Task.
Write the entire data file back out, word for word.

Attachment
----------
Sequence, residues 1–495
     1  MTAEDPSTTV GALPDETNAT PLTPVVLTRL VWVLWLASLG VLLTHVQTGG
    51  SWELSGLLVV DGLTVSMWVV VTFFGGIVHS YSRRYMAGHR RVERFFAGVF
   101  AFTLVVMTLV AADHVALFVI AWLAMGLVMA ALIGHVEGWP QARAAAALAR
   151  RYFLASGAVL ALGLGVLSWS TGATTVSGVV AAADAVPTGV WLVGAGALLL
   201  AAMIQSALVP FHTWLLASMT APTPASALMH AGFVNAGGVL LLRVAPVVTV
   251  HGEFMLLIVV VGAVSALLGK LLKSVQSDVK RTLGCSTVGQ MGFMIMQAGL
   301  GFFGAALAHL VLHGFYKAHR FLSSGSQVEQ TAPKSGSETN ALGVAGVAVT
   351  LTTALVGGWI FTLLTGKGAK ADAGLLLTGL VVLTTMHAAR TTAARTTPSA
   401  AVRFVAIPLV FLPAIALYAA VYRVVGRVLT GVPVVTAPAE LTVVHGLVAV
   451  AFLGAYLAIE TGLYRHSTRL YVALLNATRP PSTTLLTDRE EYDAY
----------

Sequence, residues 1–495
     1  MTAEDPSTTV GALPDETNAT PLTPVVLTRL VWVLWLASLG VLLTHVQTGG
    51  SWELSGLLVV DGLTVSMWVV VTFFGGIVHS YSRRYMAGHR RVERFFAGVF
   101  AFTLVVMTLV AADHVALFVI AWLAMGLVMA ALIGHVEGWP QARAAAALAR
   151  RYFLASGAVL ALGLGVLSWS TGATTVSGVV AAADAVPTGV WLVGAGALLL
   201  AAMIQSALVP FHTWLLASMT APTPASALMH AGFVNAGGVL LLRVAPVVTV
   251  HGEFMLLIVV VGAVSALLGK LLKSVQSDVK RTLGCSTVGQ MGFMIMQAGL
   301  GFFGAALAHL VLHGFYKAHR FLSSGSQVEQ TAPKSGSETN ALGVAGVAVT
   351  LTTALVGGWI FTLLTGKGAK ADAGLLLTGL VVLTTMHAAR TTAARTTPSA
   401  AVRFVAIPLV FLPAIALYAA VYRVVGRVLT GVPVVTAPAE LTVVHGLVAV
   451  AFLGAYLAIE TGLYRHSTRL YVALLNATRP PSTTLLTDRE EYDAY